Millennialism, Maclise and Matejko

Published in 18th–19th - Century History, Issue 6 (Nov/Dec 2007), News, Volume 15

Daniel Maclise, The Installation of Captain Rock, 1834. (Private collection)

Daniel Maclise, The Installation of Captain Rock, 1834. (Private collection)

In 1771 a ‘Signor Pastorini’ (actually the English bishop Charles Walmesley) asked: ‘How long, O Lord, do you defer judging our cause, you who are holy and must detest the cruelties exercised upon us; you, who are true and have told us, you will revenge the injuries done to your servants?’ He also declared that the Apocalypse of St John had foretold that the Protestant ‘locusts’ would all be swept away by about 1825. Pastorini’s Prophecies soon became a staple in the hedge-schools, especially after the famine and typhus epidemic of 1817. His insistence on Catholic revenge became inspirational for the violent ‘Rockite’ movements, despite opposition from the Catholic Church, led by Bishop Doyle, who saw the universalism of the Catholic Church as a cure for sectarian Irish nationalism. But the failure of the government to implement the promised Catholic emancipation after the Act of Union led to large numbers of Catholic servicemen and veterans of the Napoleonic Wars becoming involved in the increasing sectarianisation of Irish politics. The Connaught Journal of 17 January 1825 reported a plot within the 25th Regiment of Foot to massacre Protestants on New Year’s Day 1825, based on Pastorini’s Prophecies.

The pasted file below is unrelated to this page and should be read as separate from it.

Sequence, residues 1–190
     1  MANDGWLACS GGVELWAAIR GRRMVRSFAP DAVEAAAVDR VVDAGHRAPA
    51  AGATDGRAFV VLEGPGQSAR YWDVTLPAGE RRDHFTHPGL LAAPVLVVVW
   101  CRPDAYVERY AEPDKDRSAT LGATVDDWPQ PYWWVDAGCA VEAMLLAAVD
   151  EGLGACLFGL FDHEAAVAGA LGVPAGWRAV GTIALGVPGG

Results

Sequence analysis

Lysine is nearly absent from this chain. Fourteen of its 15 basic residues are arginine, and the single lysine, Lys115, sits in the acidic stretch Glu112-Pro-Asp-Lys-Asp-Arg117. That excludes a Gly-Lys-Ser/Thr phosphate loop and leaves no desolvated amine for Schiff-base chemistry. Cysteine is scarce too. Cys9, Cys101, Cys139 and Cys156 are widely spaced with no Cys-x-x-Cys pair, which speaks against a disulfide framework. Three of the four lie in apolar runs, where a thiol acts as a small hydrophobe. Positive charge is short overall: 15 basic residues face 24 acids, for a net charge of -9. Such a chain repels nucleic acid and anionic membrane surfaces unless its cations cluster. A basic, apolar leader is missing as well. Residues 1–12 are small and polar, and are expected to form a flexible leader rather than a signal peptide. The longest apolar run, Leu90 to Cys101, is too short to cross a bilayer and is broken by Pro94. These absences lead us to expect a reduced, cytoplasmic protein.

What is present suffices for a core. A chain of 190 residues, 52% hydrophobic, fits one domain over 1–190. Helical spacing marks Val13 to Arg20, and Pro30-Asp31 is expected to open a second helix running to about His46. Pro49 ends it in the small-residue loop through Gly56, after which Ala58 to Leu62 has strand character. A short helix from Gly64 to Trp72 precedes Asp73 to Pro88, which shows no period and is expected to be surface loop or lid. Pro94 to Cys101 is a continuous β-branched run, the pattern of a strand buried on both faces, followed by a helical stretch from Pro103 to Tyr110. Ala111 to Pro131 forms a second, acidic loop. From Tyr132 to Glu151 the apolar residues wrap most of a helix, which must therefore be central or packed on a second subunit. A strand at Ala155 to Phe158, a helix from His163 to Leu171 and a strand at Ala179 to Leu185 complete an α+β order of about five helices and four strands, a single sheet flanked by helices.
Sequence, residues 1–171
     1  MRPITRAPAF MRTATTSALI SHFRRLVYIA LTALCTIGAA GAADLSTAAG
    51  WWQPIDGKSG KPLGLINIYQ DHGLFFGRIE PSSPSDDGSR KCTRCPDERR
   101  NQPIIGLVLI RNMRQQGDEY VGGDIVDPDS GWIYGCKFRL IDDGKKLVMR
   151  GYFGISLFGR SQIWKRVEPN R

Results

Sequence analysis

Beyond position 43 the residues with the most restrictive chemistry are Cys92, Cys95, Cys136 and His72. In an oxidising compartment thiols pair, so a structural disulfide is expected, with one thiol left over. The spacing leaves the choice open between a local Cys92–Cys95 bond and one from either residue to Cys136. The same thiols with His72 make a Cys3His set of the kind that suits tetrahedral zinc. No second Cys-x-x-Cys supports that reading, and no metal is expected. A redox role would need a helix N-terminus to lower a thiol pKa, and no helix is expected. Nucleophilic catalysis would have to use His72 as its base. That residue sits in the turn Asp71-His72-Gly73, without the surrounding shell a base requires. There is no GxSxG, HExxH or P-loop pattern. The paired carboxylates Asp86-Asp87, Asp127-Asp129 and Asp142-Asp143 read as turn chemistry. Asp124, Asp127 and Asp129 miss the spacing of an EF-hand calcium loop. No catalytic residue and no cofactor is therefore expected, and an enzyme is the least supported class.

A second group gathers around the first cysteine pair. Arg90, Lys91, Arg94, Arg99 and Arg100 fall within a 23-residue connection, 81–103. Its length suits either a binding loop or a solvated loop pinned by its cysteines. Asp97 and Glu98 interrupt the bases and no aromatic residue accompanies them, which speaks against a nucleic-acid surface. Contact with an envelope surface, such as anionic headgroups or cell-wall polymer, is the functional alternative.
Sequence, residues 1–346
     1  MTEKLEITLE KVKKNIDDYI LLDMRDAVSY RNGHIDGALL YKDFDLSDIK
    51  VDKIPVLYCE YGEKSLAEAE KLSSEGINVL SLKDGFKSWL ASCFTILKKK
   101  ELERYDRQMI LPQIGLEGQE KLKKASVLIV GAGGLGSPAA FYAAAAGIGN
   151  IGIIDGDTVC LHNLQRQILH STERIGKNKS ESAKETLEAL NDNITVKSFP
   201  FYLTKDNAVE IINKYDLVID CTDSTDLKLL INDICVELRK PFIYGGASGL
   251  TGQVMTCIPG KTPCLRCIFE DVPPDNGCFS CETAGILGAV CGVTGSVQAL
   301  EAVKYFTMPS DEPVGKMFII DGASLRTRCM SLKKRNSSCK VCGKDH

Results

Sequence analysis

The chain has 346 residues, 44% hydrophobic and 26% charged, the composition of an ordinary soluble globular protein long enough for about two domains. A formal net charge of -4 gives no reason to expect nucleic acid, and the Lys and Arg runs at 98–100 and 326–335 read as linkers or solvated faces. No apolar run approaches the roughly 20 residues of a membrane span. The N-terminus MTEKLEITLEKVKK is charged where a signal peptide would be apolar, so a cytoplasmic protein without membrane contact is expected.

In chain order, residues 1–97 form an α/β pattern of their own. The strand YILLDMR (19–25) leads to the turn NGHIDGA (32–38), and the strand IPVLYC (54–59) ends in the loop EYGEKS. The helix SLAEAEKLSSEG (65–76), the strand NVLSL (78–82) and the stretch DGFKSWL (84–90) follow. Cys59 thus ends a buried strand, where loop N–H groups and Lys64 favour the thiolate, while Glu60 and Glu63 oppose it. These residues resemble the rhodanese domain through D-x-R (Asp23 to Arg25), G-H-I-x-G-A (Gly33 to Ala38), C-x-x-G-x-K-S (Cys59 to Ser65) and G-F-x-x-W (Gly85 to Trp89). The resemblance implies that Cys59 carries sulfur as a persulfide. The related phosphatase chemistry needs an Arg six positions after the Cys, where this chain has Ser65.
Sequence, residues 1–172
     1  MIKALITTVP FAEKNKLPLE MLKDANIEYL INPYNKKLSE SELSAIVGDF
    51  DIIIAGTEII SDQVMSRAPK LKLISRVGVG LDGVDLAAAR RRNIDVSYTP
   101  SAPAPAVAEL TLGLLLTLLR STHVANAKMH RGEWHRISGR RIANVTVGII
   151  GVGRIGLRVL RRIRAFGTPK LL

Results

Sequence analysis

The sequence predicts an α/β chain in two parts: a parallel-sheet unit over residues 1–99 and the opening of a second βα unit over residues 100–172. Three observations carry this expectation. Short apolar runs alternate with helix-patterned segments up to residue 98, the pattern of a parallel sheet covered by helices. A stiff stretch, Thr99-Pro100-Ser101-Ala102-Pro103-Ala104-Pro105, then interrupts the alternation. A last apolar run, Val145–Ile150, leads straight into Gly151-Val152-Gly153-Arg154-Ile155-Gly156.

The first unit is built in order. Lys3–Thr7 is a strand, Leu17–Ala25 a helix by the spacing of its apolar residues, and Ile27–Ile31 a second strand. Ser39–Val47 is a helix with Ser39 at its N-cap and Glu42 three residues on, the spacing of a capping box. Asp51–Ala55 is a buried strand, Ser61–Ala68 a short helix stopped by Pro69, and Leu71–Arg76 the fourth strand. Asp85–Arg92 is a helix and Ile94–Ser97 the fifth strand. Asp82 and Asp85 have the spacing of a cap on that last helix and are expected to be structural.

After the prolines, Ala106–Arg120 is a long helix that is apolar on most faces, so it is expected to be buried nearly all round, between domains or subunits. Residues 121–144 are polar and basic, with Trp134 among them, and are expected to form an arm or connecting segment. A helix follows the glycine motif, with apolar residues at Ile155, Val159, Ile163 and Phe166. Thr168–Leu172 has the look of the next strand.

Little wonder, then, that when Daniel Maclise (1806–70) came to paint The Installation of Captain Rock in 1834 he included (on the left of the painting) a demagogic hedge-schoolmaster with a youth carrying his pile of books, most likely including Pastorini’s Prophecies. Thomas Moore’s Memoirs of Captain Rock (1824) served as the literary inspiration for Maclise’s painting, the ruined abbey echoing the narrator’s encounter with Captain Rock. Although Moore was more English Whig than Irish nationalist, Maclise’s politics appear to have been Tory, based on Romantic medievalism and his friendship with Disraeli. He was also part of the Cork circle in London contributing to the Tory Fraser’s Magazine, which included William Maginn and Francis Mahony (writing as ‘Father Prout’), whose work became a byword for whimsical complexity and ‘colonial eccentricity’.